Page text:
Issue of June 10, 2018
Mt. Province

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Revisions on plastic ordinance urged
by Aileen P. Refuerzo / PIO

The oversight committee monitoring the implementation of Ordinance 36 s. 2017 or the “Plastic and Styrofoam-Free Ordinance” recommended amending the measure to make it more implementable.

Pending the amendment, the provisions of the ordinance will prevail, which means a total ban on Styrofoam and plastic materials in the city including both the non-biodegradable and non-biodegradable types starting September.

In a letter to Mayor Mauricio Domogan dated May 24, City Environment and Parks Management Officer Cordelia Lacsamana who serves as action officer of the committee said amending or recasting of the ordinance by the city council would be a better option than adopting the implementing rules and regulations as earlier planned to avoid inconsistencies.

Lacsamana said the proposed amendments came from the inputs and feedbacks from the stakeholders during public consultations and the solutions forum and write shop held recently.

Among the proposed amendments is the inclusion of residences in the coverage of the ordinance as they also generate plastic materials sourced out from outside the city which adds to the city’s waste stream.

The committee also sought to define primary packaging materials as “those types of food grade plastic packaging for wet products like frozen food, processed poultry, livestock products, cold cuts, ice candy, snack food, munchies, TV party foods, fat snack, chiblets, finger foods and other junk food (chicheria), products, popsicles, RTWs and other similar items” while secondary packaging materials are those “for dry goods and used to provide support to any primary packaging intended for convenience of the handler.”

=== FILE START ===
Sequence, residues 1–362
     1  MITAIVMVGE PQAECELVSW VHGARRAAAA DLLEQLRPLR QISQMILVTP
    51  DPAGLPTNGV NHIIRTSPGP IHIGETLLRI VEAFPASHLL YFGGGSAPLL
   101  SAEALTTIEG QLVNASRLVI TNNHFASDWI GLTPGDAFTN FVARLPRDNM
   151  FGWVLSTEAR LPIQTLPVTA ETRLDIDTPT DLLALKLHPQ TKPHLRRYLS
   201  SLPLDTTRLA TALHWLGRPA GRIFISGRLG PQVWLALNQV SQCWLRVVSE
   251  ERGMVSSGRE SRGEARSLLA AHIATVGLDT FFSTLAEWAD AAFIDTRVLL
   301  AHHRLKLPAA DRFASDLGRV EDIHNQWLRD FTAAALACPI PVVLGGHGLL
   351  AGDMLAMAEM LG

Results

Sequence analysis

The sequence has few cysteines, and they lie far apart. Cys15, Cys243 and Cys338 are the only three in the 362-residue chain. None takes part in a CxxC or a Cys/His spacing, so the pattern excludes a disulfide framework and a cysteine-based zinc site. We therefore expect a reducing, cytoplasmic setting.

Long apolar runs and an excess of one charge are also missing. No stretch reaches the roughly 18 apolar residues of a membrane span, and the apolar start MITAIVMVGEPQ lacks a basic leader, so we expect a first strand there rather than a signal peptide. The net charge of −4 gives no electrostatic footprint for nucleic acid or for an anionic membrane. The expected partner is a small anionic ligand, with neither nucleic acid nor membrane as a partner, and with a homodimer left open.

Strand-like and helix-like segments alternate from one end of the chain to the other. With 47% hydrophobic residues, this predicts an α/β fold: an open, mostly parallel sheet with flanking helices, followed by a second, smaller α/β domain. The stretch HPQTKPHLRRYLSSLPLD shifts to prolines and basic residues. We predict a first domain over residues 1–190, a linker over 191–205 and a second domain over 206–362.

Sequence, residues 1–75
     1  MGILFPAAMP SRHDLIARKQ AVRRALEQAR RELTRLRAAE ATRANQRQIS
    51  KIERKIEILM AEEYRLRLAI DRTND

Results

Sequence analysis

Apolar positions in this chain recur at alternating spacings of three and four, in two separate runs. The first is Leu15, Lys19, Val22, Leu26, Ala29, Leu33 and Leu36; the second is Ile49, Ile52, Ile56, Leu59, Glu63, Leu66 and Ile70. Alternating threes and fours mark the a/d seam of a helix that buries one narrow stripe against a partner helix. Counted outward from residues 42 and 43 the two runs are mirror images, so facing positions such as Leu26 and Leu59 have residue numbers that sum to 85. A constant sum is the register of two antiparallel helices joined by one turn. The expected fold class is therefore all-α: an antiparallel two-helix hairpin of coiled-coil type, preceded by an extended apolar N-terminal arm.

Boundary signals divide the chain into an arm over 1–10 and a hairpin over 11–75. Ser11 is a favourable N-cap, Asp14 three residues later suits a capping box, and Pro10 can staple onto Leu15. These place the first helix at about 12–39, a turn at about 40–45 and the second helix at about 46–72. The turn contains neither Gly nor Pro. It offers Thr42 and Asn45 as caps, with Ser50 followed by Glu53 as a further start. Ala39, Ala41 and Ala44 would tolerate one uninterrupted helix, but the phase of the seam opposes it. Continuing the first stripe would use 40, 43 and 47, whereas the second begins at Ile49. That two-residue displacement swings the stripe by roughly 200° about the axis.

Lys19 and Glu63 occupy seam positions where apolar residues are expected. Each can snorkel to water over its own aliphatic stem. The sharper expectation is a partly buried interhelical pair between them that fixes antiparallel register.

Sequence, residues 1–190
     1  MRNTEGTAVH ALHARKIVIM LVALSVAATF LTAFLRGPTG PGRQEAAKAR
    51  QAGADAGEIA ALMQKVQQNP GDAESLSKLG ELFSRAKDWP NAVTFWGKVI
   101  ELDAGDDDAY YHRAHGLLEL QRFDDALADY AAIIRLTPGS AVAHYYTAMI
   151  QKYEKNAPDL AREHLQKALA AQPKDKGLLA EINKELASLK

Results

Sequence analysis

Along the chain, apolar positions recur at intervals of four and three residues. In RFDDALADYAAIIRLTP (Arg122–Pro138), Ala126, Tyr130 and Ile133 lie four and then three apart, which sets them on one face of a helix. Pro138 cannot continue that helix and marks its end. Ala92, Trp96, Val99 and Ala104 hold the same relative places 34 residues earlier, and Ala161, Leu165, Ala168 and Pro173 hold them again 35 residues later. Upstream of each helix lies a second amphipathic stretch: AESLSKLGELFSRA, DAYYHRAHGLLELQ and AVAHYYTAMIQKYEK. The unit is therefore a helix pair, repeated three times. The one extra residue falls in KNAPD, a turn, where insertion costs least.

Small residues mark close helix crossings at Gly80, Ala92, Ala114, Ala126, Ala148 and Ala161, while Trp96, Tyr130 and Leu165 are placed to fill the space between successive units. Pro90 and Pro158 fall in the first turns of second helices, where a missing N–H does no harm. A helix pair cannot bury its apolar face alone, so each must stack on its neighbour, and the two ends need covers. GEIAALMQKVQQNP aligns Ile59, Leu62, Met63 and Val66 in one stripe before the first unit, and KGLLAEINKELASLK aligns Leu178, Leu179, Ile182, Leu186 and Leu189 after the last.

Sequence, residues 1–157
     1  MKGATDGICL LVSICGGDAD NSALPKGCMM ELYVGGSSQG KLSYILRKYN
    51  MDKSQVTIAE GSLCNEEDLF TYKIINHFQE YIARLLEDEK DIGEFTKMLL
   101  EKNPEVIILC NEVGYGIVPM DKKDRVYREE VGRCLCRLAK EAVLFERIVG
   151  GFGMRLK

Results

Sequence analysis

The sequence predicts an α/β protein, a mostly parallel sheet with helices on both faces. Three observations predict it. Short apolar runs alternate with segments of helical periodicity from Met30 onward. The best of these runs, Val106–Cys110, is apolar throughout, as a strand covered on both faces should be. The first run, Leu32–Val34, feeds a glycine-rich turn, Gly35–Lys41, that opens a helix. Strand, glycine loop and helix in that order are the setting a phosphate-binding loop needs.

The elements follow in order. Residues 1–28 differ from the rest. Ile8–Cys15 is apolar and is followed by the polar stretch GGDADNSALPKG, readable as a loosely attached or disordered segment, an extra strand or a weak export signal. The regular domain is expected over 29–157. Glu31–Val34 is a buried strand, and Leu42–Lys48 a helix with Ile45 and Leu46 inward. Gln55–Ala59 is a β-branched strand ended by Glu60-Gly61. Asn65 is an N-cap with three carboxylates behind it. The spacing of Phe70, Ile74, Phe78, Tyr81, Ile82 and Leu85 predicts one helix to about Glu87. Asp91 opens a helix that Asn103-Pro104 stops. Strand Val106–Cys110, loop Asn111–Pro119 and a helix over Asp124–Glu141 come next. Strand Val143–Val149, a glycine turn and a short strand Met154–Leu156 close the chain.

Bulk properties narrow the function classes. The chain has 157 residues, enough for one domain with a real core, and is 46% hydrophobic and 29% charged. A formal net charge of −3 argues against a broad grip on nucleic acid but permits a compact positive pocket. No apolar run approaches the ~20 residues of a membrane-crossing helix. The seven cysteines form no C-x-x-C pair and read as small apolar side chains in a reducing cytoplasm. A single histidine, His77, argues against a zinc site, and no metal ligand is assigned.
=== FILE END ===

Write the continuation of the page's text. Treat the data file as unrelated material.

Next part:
Wet products refer to items that require refrigeration or freezing to maintain its shelf life, not to get soiled, incur mechanical damage or be contaminated with microorganisms such as fish, livestock, poultry, processed, fruits, vegetables, cold cuts and the like.

In the prohibited act provision of the ordinance, the committee made 14 recommendations:

Inclusion of single use plastic cups, drinking straws, plastic stirrers, cling wrap and the like as among the prohibited materials as these are also non-recyclable items;

In cases of factory or company-packaged products, the use of food grade plastics for primary packaging be allowed to preserve the shelf life of food items and avoid damage to merchandises;

Non-food grade plastic materials be disallowed for primary packaging for repacking factory or company packaged products.  Food grade plastic containers fall into high density polyethylene or HDPE category which has excellent chemical resistant properties;

The distribution, sale and use of polyethylene, polypropylene (PP) heavy duty, thick, microwave safe, recyclable, washable, reusable, manufactured containers, multi-use type of plastic bags as primary and secondary packaging materials or containers be allowed;

The use of oxo-biodegradable and bio-plastics or vegetable/starch-based plastic bags be disallowed because the Environmental Technology Verification (ETV) code is not a guarantee that these are properly monitored by the departments of Health and Science and Technology;

Encourage customers to: secure food grade PP reusable, recyclable, multi-use plastic bags and containers when buying; decline plastic wrappers or small plastic bags when buying dry small items like ballpoint pens, CDs, candies and the like; not to procure condiments packed in non-food grade plastic materials like patis, soy sauce etc. and toiletries and instead opt for bulk buying or if not possible, bring appropriate containers like bottles for such; 

Packaging industries be encouraged to develop more environmentally-friendly containers;

Encourage parents to use reusable and washable containers and utensils for baon;

Disallow garbage bags (colored or not) as garbage receptacle or containers for solid waste materials;

Recommended alternative for Styrofoam is the wax or aluminum coated boxes, cups and plates; for plastic stirrers, popsicle sticks will do; and for plastic straws, a paper straw coated with non-toxic resin.

The committee also sought the creation of a task force to be led by the General Services Office to include field enforcers to implement, enforce and monitor the compliance of all sectors. 

The proposed amendments have been submitted to the city council for consideration.

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